The hedgehog pathway in retinal development and disease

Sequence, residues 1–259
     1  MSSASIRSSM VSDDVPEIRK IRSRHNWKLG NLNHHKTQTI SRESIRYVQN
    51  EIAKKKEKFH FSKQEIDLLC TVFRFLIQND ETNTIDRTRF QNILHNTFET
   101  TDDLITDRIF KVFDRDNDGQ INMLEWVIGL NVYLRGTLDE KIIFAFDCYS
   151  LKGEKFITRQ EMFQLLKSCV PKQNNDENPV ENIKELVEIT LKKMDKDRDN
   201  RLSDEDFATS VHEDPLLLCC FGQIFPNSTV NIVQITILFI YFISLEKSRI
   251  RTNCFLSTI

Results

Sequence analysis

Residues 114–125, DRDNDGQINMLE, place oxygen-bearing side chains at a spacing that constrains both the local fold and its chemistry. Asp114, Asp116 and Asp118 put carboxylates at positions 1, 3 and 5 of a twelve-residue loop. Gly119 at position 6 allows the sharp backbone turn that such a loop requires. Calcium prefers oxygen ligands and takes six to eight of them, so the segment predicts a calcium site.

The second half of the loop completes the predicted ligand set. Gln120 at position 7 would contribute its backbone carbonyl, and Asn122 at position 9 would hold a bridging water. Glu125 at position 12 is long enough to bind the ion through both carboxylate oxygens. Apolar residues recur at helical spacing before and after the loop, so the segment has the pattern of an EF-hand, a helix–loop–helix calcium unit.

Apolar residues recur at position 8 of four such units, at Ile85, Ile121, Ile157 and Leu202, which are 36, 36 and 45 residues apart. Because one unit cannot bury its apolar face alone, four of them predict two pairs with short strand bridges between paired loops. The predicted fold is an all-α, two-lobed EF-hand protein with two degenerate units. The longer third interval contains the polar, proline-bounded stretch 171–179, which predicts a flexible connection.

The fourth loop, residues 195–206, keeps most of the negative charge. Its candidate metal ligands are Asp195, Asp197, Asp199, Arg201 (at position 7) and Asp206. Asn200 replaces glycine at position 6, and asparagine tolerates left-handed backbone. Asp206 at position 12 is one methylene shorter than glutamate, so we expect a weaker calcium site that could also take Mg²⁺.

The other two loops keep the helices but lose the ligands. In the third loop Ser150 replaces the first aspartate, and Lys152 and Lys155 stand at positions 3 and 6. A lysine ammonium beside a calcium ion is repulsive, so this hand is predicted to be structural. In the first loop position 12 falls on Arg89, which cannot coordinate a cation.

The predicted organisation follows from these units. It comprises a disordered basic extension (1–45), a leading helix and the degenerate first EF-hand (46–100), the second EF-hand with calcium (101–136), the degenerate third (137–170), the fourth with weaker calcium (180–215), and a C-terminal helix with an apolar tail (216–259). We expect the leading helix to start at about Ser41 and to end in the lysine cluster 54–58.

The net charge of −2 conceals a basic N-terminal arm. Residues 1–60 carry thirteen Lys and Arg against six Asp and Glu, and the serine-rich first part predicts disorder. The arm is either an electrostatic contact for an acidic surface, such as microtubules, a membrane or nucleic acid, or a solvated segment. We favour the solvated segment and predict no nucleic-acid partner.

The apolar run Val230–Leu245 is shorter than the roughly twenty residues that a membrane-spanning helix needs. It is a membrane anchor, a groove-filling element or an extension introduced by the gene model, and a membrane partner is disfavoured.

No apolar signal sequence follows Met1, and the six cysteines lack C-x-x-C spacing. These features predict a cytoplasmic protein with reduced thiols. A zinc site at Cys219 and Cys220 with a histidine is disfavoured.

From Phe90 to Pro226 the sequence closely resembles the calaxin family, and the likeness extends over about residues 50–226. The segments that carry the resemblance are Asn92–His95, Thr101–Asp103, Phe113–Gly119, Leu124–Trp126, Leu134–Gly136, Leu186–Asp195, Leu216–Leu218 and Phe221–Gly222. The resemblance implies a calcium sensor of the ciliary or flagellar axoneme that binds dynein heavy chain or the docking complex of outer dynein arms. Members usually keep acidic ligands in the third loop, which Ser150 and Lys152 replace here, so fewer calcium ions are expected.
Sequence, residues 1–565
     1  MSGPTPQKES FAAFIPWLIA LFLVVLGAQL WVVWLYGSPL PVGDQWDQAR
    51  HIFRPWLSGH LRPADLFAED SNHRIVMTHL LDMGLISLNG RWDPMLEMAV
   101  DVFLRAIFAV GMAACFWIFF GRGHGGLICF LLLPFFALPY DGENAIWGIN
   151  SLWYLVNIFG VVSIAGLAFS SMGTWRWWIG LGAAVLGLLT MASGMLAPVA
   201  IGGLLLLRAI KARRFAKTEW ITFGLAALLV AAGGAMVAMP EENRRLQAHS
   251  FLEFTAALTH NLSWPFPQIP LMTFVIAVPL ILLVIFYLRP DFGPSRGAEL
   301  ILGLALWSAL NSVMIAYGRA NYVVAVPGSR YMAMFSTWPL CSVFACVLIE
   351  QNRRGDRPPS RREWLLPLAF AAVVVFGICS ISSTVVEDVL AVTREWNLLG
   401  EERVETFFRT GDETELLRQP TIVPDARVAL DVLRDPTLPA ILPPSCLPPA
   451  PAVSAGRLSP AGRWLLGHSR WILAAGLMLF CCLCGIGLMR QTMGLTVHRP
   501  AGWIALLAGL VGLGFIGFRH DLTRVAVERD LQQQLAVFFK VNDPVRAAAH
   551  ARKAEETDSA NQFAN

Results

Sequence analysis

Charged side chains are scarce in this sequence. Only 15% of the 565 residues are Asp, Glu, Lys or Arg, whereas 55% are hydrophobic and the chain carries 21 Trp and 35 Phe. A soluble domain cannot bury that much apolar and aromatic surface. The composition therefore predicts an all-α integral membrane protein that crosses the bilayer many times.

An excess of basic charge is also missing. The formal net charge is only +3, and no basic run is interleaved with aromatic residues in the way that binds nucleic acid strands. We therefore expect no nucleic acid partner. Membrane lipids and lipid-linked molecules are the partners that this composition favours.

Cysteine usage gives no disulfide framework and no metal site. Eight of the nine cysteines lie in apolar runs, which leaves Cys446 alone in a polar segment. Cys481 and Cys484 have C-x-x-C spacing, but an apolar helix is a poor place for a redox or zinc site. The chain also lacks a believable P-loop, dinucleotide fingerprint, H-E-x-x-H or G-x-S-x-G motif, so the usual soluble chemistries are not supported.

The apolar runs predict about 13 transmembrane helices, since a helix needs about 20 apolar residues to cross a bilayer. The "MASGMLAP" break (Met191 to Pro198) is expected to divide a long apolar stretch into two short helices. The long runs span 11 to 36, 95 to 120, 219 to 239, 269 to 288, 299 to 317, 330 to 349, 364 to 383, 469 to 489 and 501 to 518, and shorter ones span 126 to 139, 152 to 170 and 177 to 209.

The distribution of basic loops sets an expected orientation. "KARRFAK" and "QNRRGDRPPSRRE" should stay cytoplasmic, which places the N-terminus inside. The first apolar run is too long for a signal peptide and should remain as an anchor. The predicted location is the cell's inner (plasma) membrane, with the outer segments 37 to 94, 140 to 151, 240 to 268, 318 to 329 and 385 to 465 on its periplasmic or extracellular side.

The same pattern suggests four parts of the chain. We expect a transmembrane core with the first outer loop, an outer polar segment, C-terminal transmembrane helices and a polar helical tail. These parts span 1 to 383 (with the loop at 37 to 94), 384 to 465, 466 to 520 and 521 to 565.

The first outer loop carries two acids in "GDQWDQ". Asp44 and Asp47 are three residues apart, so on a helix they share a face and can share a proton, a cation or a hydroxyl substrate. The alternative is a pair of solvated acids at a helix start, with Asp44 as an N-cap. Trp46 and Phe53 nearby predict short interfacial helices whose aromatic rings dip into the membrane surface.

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The Hedgehog receptor Patched (Ptch) is a well-studied tumor suppressor. Mutations in Ptch have been linked to mis-regulation of stem cell proliferation and tumorigenesis in numerous contexts. To study the role of Ptch function during retinal development and homeostasis, I analyzed retinal growth and patterning in the embryonic and post-embryonic (juvenile) zebrafish ptc2 mutant line. ptc2 deficiency in zebrafish results in an expansion of the stem/progenitor population of the ciliary marginal zone (CMZ), as well as ectopic proliferation within the neural retina at juvenile stages. ptc2-/- mutants also possess vitreo-retinal abnormalities that appear to be embryonic in origin. These phenotypes are similar to the ocular abnormalities previously reported in human patients suffering from Basal Cell Naevus Syndrome (BCNS), a disorder that has been linked to mutations in the human PTCH gene (the orthologue of the zebrafish ptc2), and point to the utility of the ptc2 mutant line as a model for the study of BCNS-related ocular pathologies. In addition, peripheral retinal dysplasias that include ectopic neuronal clusters and disrupted lamination were observed at later, juvenile stages. It has been previously proposed that retinal over-proliferation might contribute to retinal dysplasias observed in the post-natal Ptch1 /- mice (an established model for BCNS); however, this potential relationship has yet to be established experimentally. I demonstrated that a population of ectopically proliferating cells give rise to the ectopic neuronal clusters in the INL of ptc2-/- mutants and established ectopic proliferation as the likely cellular underpinning of retinal dysplasia in juvenile ptc2-/- mutants.